The opinion from the Times comes after the medical group Doctors Without Borders (MSF) warned last week that a “lack of funds and supplies has crippled cholera treatment programs in Haiti, leading to unnecessary deaths and increasing the risk of greater outbreaks during the upcoming rainy season.” Duncan McLean, MSF program manager in New York, added that, “Cholera now appears to be seen as a development issue to be resolved over the next 10 years, whereas the current situation still calls for an emergency medical response…The necessary resources for such a response are becoming increasingly scarce.”

And who should pay for that? In an article for The Nation, Isabeau Doucet asked Yann Libessart, MSF communications officer, who offered a blunt response: “The people who are responsible for the introduction of the disease into the country.”

While the U.N. has only funded 1 percent of the plan, Nigel Fisher, head of the U.N. Stabilization Mission in Haiti (MINUSTAH) – whose troops caused the cholera outbreak – told Doucet that the rest of the money should come from the “private sector” or “major venture philanthropist individuals.”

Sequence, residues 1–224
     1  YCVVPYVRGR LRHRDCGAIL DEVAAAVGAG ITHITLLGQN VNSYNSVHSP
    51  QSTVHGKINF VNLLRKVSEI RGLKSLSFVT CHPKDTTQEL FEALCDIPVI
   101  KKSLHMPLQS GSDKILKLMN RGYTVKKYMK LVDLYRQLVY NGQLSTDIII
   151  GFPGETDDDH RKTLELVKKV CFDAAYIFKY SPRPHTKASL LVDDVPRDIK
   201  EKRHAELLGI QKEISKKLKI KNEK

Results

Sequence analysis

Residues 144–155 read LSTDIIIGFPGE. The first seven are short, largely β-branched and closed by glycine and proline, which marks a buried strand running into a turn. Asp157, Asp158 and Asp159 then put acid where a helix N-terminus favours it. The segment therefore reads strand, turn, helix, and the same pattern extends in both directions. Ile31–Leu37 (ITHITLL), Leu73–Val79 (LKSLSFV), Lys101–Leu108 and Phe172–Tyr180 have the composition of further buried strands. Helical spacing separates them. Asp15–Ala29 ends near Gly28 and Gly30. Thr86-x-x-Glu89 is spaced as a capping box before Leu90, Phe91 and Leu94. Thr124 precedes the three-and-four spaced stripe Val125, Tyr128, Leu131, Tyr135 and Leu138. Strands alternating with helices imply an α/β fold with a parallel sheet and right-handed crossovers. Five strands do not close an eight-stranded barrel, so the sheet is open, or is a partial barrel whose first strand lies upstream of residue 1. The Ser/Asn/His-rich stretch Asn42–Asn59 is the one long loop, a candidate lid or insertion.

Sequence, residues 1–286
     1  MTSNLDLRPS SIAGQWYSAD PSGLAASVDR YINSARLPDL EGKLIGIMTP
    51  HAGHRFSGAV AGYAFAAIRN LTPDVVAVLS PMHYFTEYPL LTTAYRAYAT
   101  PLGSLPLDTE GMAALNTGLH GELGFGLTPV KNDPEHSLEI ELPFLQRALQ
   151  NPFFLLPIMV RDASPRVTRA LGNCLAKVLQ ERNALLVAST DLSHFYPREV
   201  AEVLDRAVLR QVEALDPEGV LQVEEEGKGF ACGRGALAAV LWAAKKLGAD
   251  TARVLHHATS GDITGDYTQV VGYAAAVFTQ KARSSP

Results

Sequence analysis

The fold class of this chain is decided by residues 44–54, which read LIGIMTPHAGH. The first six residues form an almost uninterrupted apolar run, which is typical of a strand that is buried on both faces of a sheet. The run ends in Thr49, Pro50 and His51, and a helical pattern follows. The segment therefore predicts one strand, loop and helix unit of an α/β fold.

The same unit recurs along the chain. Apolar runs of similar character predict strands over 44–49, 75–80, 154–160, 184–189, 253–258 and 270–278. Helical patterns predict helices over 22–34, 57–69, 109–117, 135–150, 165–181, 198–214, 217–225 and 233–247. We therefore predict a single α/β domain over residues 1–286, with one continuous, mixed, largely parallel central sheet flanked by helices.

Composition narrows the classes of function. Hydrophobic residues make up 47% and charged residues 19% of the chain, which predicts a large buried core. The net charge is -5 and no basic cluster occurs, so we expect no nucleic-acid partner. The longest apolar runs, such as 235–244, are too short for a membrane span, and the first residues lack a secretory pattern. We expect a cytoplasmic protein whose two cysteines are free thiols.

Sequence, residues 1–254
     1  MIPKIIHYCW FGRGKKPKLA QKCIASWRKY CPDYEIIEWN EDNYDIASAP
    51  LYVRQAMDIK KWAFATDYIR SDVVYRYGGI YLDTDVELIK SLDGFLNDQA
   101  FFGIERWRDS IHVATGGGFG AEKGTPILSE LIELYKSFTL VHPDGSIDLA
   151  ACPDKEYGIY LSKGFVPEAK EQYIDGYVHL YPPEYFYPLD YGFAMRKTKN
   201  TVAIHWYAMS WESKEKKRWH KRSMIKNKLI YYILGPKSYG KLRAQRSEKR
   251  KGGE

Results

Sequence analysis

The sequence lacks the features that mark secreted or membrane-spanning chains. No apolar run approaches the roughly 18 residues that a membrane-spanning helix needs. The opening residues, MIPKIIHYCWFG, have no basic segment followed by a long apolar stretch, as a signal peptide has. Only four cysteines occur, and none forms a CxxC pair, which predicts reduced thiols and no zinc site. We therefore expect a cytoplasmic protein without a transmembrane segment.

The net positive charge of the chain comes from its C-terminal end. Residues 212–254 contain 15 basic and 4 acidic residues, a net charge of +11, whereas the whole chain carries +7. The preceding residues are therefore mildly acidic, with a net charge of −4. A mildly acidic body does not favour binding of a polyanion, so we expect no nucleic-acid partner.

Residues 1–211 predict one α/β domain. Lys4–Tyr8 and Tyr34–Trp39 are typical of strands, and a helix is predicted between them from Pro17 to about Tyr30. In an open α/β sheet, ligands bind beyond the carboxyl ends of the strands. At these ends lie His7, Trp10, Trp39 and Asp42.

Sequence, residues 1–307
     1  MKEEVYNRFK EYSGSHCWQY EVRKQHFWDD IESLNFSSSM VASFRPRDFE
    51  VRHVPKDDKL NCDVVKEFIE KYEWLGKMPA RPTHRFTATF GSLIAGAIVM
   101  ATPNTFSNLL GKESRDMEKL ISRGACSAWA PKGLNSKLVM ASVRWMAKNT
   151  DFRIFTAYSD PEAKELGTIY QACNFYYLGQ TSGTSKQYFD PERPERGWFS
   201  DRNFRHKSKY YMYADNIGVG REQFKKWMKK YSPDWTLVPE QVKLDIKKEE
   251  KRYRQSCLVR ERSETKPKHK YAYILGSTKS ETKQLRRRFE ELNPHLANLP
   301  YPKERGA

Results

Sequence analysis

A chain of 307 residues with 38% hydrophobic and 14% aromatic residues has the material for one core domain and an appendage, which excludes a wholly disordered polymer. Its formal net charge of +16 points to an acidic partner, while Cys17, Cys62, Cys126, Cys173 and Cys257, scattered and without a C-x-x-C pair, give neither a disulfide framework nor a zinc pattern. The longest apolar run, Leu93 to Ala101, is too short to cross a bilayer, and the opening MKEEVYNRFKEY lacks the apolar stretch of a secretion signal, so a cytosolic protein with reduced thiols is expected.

Yesterday the U.N. Security Council met to discuss the Secretary General’s annual report on MINUSTAH. Some countries used the opportunity to call on the U.N. to do more to combat the cholera epidemic. The representative from Luxembourg noted that the launching of a cholera eradication plan was part of the international community’s “moral responsibility” to help those affected. The representative from Togo went even further noting that “the source…was known,” and that the “United Nations should continue to assume a “moral responsibility” to eradicate that disease.” Permanent members of the Security Council such as the U.S. remained silent on the issue.